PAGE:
Gewehr 43 (5/11)

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The Gewehr 43 was an attempt by Germany to build a semi-automatic rifle similar to the M1 Garand of the United States or the SVT-40 of the Soviet Union. In 1941, Germany and its Axis allies launched a massive invasion of the Soviet Union. The Soviets were in the process of trying to rearm their soldiers with the SVT-38 and SVT-40 rifles to replace the aging Mosin Nagant bolt actions from the 1890s. The Mosin Nagant was never fully replaced, but the Germans were nonetheless shook by the fact that the Soviets indeed had a semi-automatic rifle to field when they did not.

Inspired by captured SVT-38 and SVT-40s, the Germans began development of their own semi-automatic rifle. The result was the Gewehr 43. This rifle has a ten round magazine, which can either be reloaded by detaching the magazine and inserting a fresh one, or by loading two five round stripper clips into the magazine. Germany attempted to phase out the K98 in favor of the Gewehr 43 by issuing dozens of Gewehr 43s to each company, but because only 400,000 were built in contrast to the millions of K98 rifles this was never fully achieved. Many Gewehr rifles were outfitted with scopes, and these were then used as DMR’s, or Designated Marksman Rifles.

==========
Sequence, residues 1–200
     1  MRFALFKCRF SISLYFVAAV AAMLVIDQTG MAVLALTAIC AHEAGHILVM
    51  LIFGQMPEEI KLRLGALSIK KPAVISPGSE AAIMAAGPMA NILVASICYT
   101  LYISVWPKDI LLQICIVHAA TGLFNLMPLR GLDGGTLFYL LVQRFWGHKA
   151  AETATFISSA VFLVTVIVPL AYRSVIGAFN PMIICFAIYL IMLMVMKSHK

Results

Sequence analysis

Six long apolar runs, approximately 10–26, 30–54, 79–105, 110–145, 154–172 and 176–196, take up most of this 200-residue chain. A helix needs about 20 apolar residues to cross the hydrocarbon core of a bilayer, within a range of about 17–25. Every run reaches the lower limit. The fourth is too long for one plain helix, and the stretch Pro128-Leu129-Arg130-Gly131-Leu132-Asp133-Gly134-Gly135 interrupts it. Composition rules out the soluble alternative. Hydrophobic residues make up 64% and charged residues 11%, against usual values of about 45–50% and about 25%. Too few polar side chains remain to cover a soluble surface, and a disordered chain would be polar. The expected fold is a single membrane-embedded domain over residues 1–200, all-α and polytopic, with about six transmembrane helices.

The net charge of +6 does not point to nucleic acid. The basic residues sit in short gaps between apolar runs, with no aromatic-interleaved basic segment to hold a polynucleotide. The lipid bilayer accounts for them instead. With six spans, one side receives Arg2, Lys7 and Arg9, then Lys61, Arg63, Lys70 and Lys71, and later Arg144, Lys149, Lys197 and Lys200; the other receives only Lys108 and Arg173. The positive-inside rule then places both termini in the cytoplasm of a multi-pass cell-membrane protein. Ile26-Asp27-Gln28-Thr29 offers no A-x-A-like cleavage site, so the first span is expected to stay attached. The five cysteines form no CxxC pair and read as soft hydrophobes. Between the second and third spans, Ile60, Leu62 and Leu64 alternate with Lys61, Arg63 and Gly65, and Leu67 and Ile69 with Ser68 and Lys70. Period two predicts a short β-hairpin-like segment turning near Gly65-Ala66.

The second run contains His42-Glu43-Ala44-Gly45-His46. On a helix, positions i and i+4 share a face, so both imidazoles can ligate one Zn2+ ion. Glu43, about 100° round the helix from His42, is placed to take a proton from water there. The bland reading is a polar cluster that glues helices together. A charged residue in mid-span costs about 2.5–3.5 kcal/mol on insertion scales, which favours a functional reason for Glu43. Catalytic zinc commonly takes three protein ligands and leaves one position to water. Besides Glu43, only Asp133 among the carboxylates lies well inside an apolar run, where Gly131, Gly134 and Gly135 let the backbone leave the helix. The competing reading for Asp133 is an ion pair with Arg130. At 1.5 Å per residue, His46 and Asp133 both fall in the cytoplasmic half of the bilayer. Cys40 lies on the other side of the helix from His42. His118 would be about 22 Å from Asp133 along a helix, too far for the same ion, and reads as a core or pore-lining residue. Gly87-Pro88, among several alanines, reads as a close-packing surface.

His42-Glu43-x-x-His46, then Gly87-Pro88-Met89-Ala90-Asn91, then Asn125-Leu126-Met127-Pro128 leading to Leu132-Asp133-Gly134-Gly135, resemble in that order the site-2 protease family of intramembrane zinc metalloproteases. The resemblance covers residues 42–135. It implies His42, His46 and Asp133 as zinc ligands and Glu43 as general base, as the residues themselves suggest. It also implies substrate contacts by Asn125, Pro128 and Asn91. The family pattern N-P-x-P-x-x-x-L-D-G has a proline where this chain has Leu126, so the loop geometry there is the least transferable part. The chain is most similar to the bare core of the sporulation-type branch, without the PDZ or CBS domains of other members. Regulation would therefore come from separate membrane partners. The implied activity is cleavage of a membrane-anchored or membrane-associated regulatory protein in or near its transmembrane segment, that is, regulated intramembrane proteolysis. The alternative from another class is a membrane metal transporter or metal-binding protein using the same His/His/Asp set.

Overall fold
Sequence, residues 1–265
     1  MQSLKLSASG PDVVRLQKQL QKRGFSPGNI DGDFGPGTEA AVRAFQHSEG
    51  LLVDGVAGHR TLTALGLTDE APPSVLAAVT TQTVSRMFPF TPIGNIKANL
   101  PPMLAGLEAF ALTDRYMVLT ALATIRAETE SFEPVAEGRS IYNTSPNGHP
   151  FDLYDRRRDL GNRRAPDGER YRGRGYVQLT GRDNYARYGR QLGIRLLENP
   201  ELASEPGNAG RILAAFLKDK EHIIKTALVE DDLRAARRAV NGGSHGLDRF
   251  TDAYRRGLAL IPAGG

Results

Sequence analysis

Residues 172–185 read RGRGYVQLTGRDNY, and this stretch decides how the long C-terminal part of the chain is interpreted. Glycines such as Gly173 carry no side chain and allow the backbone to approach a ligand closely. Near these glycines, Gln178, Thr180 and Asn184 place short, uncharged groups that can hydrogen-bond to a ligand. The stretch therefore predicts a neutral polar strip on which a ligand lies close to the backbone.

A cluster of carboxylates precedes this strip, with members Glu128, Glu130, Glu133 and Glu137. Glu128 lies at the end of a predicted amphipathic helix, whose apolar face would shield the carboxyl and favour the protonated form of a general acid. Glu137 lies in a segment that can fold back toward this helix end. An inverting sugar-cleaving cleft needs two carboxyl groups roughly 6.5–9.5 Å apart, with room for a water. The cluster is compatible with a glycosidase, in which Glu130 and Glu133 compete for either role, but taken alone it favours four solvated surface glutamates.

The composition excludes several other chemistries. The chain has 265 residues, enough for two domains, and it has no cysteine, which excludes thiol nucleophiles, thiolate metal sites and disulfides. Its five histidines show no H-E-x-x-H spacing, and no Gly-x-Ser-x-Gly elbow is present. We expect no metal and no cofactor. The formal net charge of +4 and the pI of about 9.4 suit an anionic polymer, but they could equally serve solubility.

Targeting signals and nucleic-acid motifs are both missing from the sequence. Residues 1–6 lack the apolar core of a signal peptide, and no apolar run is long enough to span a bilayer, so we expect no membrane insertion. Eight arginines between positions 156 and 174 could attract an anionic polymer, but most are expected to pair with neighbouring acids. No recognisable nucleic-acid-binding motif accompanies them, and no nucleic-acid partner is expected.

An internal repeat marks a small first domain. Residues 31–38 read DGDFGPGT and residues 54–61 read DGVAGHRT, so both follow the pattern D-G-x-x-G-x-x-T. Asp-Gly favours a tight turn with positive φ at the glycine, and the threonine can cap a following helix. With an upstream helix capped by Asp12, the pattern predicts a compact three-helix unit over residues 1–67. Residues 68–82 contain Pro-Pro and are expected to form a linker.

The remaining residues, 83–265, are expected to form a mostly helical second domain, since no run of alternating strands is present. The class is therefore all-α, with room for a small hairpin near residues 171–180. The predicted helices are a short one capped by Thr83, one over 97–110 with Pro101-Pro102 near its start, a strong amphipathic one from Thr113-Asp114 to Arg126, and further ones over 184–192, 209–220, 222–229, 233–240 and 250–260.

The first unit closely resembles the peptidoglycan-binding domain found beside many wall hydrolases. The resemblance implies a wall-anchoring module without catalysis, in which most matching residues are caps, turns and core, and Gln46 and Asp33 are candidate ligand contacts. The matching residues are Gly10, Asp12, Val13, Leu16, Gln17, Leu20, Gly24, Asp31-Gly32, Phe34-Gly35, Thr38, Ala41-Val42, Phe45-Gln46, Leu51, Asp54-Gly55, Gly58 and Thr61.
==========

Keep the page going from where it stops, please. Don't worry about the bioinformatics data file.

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Written by Nicholas